October 18. 5:00 AM

The rain woke him up at five in the morning. Jack listened to the sound beating the roof for twenty minutes before finding the will to get up. He fumbled around in the dark for a while for clothes, not turning on the light for fear of searing his retinas from the sudden light. After falling twice with a dull thud and becoming increasingly convinced that someone was going to wake up cussing and yelling at "whoever was making that god-awful racket", he gave in and just sat back on his bed for a few more minutes. He was going to have to do some cleaning sometime soon.

Maybe not. After today, things would be a lot different. He had big plans for today.

He stayed on the bed, resting his elbows against his knees and staring at the blackness that was his floor (or whatever was on his floor… or living on his floor…), for the next half hour. The sun started to brighten the curtains at the end of the thirty minutes and he began to move around the room again. Around the same time, he began to hear other sounds of life in the house. His parents were too tired at the moment to yell at each other, but that would change as soon as the first one had their cup of coffee or shower. Usually, it was at the same time. Ever since his father had lost his job, it'd gotten considerably worse.

He checked through his backpack to make sure he hadn't missed any homework before pulling out a book and killing time reading. The pages were intermittently broken up by shouts from downstairs. His mom should've been the one on the coffee advertisements. "Drink coffee! Punch your husband! Verbally abuse everyone under the roof!"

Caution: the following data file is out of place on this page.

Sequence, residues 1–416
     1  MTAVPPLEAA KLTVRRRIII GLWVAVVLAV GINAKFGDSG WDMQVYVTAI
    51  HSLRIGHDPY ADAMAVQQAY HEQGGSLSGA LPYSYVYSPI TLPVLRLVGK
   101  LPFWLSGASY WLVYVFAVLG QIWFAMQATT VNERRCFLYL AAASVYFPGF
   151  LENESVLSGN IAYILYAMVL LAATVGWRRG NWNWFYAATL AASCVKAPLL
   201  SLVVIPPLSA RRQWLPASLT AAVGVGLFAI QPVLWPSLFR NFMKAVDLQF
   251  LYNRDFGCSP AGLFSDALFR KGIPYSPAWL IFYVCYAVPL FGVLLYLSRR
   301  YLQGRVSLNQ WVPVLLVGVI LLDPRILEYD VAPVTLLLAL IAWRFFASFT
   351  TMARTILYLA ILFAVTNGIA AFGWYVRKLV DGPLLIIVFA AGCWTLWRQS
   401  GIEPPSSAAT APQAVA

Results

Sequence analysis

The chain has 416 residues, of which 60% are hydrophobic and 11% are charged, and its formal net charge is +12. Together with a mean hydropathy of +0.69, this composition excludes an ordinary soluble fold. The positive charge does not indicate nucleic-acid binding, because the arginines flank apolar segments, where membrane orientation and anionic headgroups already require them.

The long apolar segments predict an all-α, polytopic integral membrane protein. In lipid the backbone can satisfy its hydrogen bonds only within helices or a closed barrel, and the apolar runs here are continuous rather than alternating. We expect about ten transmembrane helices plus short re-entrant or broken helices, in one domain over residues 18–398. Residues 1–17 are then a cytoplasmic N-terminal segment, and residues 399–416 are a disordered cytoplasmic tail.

Welcome to the house of fun. Wipe your feet on the mat before you come in.

It was six forty-two the next time he checked the clock, and he left the book on his bed as he walked out of his room and down the hallway. It was sparsely decorated, and there were a few stains and dents they had never gotten around to covering up or repairing on the wallpaper. He passed his parents' room, which was now vacant, and the bathroom. He stopped outside of his sister's room and knocked lightly on the door. Like usual, there was no response, so he pushed the door open and flipped the light on.

This was the only neat room in the house. Everything had a specific place. If it was unnecessary, it wasn't in there. The room was practical, like his sister. She was sleeping, poised and perfect, on the bed. She was1on her back with her hands down by either side. It looked incredibly uncomfortable, but hey, he wasn't going to be the one complaining later on in the day if she was sore.

He stepped over to her and placed a hand on her shoulder, shaking her slightly. "Hey. Got to get up."

"No, I don't. It's Saturday."

"It's Thursday."